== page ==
Current Issue #488

How Wineries Became Music Festival Hotspots

How Wineries Became Music Festival Hotspots

In 2001, the touring music landscape was dominated by the energetic indie festival Big Day Out but that year also saw the rise of a touring music blueprint that would become the norm some 15 years later.

The year in question saw the beginning of a more humble type of music experience, A Day on the Green, where Baby Boomers could sit and enjoy music in a winery with good booze and food. On Australia Day in 2001, they hosted their first event at Mt Eliza’s Morning Star Estate featuring Renee Geyer, James Morrison, Stephen Cummings and Rebecca Barnard. More Pleasant Day Out than Big Day Out.

Aside from the two aforementioned festivals, the landscape largely featured boutique indie single-site festivals such as Falls Festival(Vic), Splendour in the Grass (NSW) and Meredith (Vic). Touring festivals would soon be everywhere. Adelaide, not known for being the most music friendly city when it comes to sales, had the following as part of its annual music calendar: Future Music Festival, Big Day Out, Soundwave, We Love Sounds, Parklife and Stereosonic. All these touring festivals are now gone (although the aforementioned interstate boutique festivals remain).

Now, winery-based festivals are the hot tickets: A Day on the Green rolls through South Australia three times a year, Turkey Flat hosts the Americana festival Silver Raven, there was even a dance and hip hop party at SC Pannell with Carl Cox and De La Soul while every year the Happy Motel throws Here’s to Now at Coriole.

And it all began with A Day on the Green. Started by former music agent Michael Newtown and his wife Anthea, as some of the artists Michael represented were frustrated at playing the same venues every time they toured and were thought to be too old to get on Homebake and Big Day Out bills.

“I just took a lead out of Leeuwin Estate’s book and thought, ‘why wouldn’t it work if we put contemporary line-ups on in wineries [instead of classical music] and not at parks or in footy grounds and things like that’,” he says. “There is an emotional connection with people to wineries. They go into the wine region and they visit other places. They spend time together on the weekend, whether it’s just two people or, as is often the case with us, groups of eight or 10. It’s a weekend away. It’s more than just the show.”


A Day on the Green started with Australian bands before branching out to international acts. The festival doesn’t always have the coolest line-up but they have put on some of the world’s most revered pop and rock acts such as the late Leonard Cohen, Sade, Neil Young, Fleetwood Mac and Elvis Costello.

“It was all about profile and airplay,” Michael says about picking acts. “It was a lot to do with, in the early days, the connection with classic hits, and people being able to hear songs that they knew. Someone said to me that he thought to be able to play A Day on the Green, you had to be able to sing or hum four songs from the artist.”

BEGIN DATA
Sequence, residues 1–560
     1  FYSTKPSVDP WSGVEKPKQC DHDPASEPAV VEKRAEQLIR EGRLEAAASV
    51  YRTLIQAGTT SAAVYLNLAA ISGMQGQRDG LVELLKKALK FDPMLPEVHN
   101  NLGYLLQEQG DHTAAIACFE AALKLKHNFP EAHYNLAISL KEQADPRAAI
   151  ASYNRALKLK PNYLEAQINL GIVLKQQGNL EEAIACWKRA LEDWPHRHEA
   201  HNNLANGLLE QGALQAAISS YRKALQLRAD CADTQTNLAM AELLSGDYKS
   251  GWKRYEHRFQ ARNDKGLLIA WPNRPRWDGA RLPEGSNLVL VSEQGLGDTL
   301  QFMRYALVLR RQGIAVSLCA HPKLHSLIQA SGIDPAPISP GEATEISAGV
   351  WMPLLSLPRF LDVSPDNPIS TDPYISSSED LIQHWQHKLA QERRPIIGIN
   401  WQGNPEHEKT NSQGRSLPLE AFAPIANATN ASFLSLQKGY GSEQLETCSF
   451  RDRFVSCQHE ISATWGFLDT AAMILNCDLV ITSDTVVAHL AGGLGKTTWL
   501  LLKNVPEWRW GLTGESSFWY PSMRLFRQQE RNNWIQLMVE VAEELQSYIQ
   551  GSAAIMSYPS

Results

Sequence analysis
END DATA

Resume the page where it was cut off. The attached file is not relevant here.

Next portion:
Lately, the festival has branched out to appeal to a slightly younger demographic: Generation X, as ‘90s acts who used to headline Big Day Out are now playing A Day on the Green.

One of the newer winery-based music festivals is Turkey Flat’s Silver Raven, which focusses on Americana and alt-country music. Silver Raven founder and musician Dan Crannitch (The San Sebastian, Leader Cheetah) made a pact seven years ago with Alex Schulz that one day they would start a music festival that represents the music they love: country and indie music.

“We wanted the kind of event that has the vibe of a smaller, boutique version of some of the bigger American and UK version of the genre, things like Pickathon in the US and End of the Road festival in the UK. Loud guitars, hay bales, great people and good booze.”


Why does Crannitch think boutique festivals are on the rise while touring festivals such as Big Day Out have disappeared?

“People have realised that everyone likes being in a nice, green, fairly natural environment away from the clamour of the city,” he says. “A lot of wineries have pre-existing infrastructure that can make hosting live music events feel like a natural extension of their usual modus operandi. I guess there is also the fact that wine is a lot more fashionable among the younger demographic than it was, even five years ago, aided by exciting young winemakers. In order for a festival to pass muster these days, the attention on the right food and drink is almost as paramount as the music.”

“Punters want to be comfortable, eat good food, drink booze that has a story (and isn’t just a sponsor), not have big clashes on timetables and be surrounded by likeminded people with similar tastes,” says The Happy Motel’s Jordan Jeavons, who runs the annual Here’s to Now at Coriole. “People don’t like concrete, barriers, fences and lineups for filthy toilets. That is not a naturally comfortable environment. Boutique events will always offer an alternative and they can also offer more personality and individualism as events because they only need to reach a small target market.

“I remember actively not attending Leonard Cohen at A Day on the Green about six years ago (regrettable now) because I didn’t think that it was an appropriate venue for live music,” Jeavons continues. “Now I’m a little older, I realise that it’s what people want and allows huge tours to come here and showcase our regions. I think A Day on the Green is a fantastic format and the trickle-down effect is significant. I think many wineries have realised the value in this kind of marketing and ability to reach new audiences and showcase themselves.”

Silver Raven: Strand of Oaks, Jonny Fritz and more
Saturday, April 22
Turkey Flat, Tanunda

Get the latest from The Adelaide Review in your inbox

Get the latest from The Adelaide Review in your inbox